CHARLOTTE – The NFL just finished a season unlike any other, but pandemics don't have offseasons.
That means the Panthers' preparations for the 2021 NFL Draft will continue to be unconventional, as their personnel department and coaching staff try to figure out how to fill in all the blanks during a spring without the normal opportunities to scout, evaluate, and even measure players they might want to pick.
The study of information they have on hand started in earnest Wednesday, as Carolina's college scouts began two weeks of intensive meetings with general manager Scott Fitterer.
Even that's not as simple as it sounds, as most of the college scouts live in places that are not Charlotte, so they had to go through several days of COVID-19 tests to be allowed into the building to interact with staff here.
With their own medical portion taken care of, they have to figure out how to make do for the next couple of months, which won't feature many of the draft process's staples. First and foremost, the annual Scouting Combine was canceled, meaning teams lose the large-scale and extremely standardized way of gathering measurements, 40-yard dash times and other testing scores, along with medical records.
In its place, teams will have to rely on information gathered at pro days at colleges, and even that has its limits.
Teams are only allowed to send three representatives to each pro day, which means carefully tailoring the traveling party.
For instance, if Alabama has a lot of offensive linemen (and it does), they could send line coach Pat Meyer to accompany college scouts. Offensive coordinator Joe Brady would also likely be on hand to see some quarterbacks and skill position players.
Fitterer will hit a few schools, and head coach Matt Rhule will as well. In the past, particularly when drafting in the top 10, teams would send half the coaching staff to certain pro days.
They're still figuring out the specifics, but veteran defensive coordinator Phil Snow knows it will be a different spring.
He went to exactly no pro days last year, but knows he's likely to be on the road quite a bit in March, health conditions permitting.
"Depending on the virus," Snow said last month while coaching at the Senior Bowl.
Those pro day trips will be vital because large portions of the usual reports will still be blank in the absence of the Combine.
Snow said that while coaching in Mobile, Ala., there was part of him that wondered if he was getting an accurate read on the players he was coaching on the field.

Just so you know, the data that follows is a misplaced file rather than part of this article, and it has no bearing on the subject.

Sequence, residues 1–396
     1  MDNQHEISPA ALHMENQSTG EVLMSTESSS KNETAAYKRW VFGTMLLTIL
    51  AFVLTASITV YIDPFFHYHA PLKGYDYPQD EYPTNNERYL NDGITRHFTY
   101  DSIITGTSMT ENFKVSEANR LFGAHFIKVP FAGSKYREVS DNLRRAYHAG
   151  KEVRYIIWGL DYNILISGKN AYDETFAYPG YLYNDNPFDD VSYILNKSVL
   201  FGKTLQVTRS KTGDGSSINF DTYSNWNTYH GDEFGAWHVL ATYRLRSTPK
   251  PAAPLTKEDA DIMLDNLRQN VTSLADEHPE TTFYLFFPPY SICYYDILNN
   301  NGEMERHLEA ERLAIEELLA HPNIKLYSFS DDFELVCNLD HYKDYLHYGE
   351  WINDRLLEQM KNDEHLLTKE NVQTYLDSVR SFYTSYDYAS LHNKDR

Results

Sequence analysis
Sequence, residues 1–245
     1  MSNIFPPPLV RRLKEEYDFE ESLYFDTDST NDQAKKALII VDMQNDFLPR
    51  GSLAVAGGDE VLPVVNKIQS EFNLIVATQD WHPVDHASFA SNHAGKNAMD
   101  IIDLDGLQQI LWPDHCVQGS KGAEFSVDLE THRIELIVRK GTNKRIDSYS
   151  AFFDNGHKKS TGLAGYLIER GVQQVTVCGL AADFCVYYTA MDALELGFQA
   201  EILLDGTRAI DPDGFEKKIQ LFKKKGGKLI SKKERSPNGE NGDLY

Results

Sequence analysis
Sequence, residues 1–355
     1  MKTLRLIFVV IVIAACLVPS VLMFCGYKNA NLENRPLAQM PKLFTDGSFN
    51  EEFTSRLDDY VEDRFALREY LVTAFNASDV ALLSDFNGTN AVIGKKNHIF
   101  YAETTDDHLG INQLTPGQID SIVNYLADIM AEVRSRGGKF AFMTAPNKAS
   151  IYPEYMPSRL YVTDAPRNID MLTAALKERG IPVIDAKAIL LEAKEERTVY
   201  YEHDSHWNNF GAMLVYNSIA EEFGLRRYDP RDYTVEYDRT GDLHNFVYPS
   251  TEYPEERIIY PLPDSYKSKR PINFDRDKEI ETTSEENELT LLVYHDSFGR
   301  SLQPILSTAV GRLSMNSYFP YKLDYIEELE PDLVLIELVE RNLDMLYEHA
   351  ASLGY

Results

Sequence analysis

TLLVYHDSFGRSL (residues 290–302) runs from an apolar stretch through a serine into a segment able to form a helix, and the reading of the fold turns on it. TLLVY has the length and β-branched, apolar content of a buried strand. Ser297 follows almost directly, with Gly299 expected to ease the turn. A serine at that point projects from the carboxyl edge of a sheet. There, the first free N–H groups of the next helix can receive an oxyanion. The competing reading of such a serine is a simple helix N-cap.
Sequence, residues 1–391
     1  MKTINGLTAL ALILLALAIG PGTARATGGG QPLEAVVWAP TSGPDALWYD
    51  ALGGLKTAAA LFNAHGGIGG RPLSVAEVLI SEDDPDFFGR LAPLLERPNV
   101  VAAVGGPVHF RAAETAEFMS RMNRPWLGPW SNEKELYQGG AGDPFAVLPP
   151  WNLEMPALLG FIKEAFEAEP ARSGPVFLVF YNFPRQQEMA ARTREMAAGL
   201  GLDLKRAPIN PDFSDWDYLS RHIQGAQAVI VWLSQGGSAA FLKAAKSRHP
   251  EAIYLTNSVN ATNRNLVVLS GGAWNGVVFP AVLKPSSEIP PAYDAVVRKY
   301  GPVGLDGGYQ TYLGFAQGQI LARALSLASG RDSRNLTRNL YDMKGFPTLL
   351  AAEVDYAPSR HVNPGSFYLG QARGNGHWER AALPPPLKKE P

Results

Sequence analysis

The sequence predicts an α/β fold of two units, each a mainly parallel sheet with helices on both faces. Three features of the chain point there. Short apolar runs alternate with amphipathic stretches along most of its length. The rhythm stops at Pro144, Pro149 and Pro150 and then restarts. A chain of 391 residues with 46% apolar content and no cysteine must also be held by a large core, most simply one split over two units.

"The thing I don't know is how fast these guys are," Snow said. "We don't have legitimate (40) times on them. As an evaluator, you have to be careful.
"Say you're looking at a corner, and the receivers they're going against are all 4.7s (i.e., kind of slow). A 4.7 receiver can look really quick and fast when you're on the field with them. So if a corner's staying with them, you say, 'Well, he must be fast.' Well, the receiver's not that fast, and you don't know that until you actually get times. So that's going to be really important. The final evaluation will need the numbers."
While it's easy for fans to watch the Combine on television and ooh and ahh at 40 times (and promptly overrate them), they're part of the puzzle that teams are trying to put together. Fast is fast, and slow is slow, but teams also have to gauge how explosive players are, and vertical jumps and broad jumps are components of that as well.
And until they get those numbers, they have to extrapolate a bit.
Snow said that as they do their early preparations, they even go back to old film to gauge how fast certain players are.
"We're watching a lot of video," he said. "One of the things you have to do is go back and watch them against people we do have numbers on. For example, if I'm evaluating a corner, I can go back and watch him a year ago because I know the receivers he's going against because they went to the Combine and have (40) times. That's how you verify how fast they are."
It's a painstaking process, far more complicated than in previous years. But they've learned throughout the last 12 months how to adapt, as scouts weren't even able to be on campuses at all until late in the season because of COVID-19 restrictions.
That was just the start of the adjustments, for a process that shifted into another gear Wednesday.